The dead tuples are referred to as “bloat” and a table with 20% of its tuples (rows) being bloat is acceptable, but 50% or more is bad and can impact performance.

Due to the nature of web application workloads bloat is common. Perhaps this is due to a UPDATE heavy workload.

The fix for bloated indexes is to REINDEX the index, thus removing any references to dead tuples. On newer versions of PG, REINDEX can be done in the background (CONCURRENTLY) however on PG 10 that is not supported. To reindex concurrently, we used a tool called pg_repack which supports repacking tables and indexes concurrently. This is a third-party tool that has some downsides (heavy disk IO, ACCESS EXCLUSIVE lock for table repack) so make sure to test usage of it on your pre-production systems.

The query I use for bloated indexes is Database Soup: New Finding Unused Indexes Query.

Working down from bloat percentage (some indexes as high as (estimated) 90% bloat!) we gradually repacked all high bloat indexes. Our goal now is to tune Autovacuum appropriately so that this excessive bloat does not recur.

Keep track of the indexes and tables and determine whether any indexes can be removed, or AV can be made more aggressive for tables for which tables or indexes are heavily bloated.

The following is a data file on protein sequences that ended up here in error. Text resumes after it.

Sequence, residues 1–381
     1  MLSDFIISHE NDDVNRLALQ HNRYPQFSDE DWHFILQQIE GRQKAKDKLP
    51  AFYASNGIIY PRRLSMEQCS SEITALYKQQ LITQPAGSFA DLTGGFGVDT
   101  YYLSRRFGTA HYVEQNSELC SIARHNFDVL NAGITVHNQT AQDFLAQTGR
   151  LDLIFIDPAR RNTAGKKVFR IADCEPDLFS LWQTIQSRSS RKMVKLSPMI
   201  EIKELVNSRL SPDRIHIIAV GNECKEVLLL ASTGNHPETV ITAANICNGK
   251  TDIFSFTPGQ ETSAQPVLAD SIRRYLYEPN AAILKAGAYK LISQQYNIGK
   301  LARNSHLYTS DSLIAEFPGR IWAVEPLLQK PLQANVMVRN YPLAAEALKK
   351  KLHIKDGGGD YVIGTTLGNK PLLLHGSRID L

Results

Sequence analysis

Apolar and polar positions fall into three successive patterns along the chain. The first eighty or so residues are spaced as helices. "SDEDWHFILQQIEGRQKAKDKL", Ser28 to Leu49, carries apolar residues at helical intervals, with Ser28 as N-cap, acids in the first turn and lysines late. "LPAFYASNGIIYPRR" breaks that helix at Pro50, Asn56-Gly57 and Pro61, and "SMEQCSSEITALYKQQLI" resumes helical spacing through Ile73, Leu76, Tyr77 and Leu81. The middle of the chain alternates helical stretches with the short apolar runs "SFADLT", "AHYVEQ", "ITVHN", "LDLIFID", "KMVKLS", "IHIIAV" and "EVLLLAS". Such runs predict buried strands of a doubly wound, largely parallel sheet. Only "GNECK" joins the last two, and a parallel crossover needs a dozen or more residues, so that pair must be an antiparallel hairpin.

Using pg_repack

Pg_repack is a command line application. To use it with Amazon RDS PostgreSQL, install it and run it on an instance. Reference Installing pg_repack on RDS and install the appropriate version for the database.

I repacked 27 indexes on our primary database, reclaiming over 230 GB of space. In the most extreme cases with 90% bloat, the resulting repacked (new) index size was around 10% of the original size. This makes sense since 90% of the bloat was removed.

Duplicate, Redundant and Invalid indexes

Duplicate indexes mean that two indexes have different names, but index the same columns.

Redundant indexes mean another index serves the same purpose for the query execution plan.

PgHero helped us identify 13 duplicate indexes that could be dropped. The process was to drop the index on a detached datatabase, analyze the table, compared the query plan and execution time before and after removing the index.

If the query plan and execution time looked the same, the index could be dropped in production!

Invalid indexes are indexes that failed to build properly. To fix this, drop the index if not needed, or rebuild the index (concurrently).


  • Find and removed unused and duplicate indexes that don’t impact queries
  • Remove or rebuild invalid indexes
  • Remove index bloat by re-indexing (use pg_repack or reindex concurrently)
  • Adjust Autovacuum settings proportional to UPDATE workload

If you have any other index maintenance tips, I’d love to hear them. Thanks for reading.

PostgreSQL Unused Indexes (Internal lightning-style talk)

January 2021
Why unused indexes are bad and how to remove them

December 2021
I covered bloat and how we addressed it in a talk given at PGConf NYC 2021 Conference.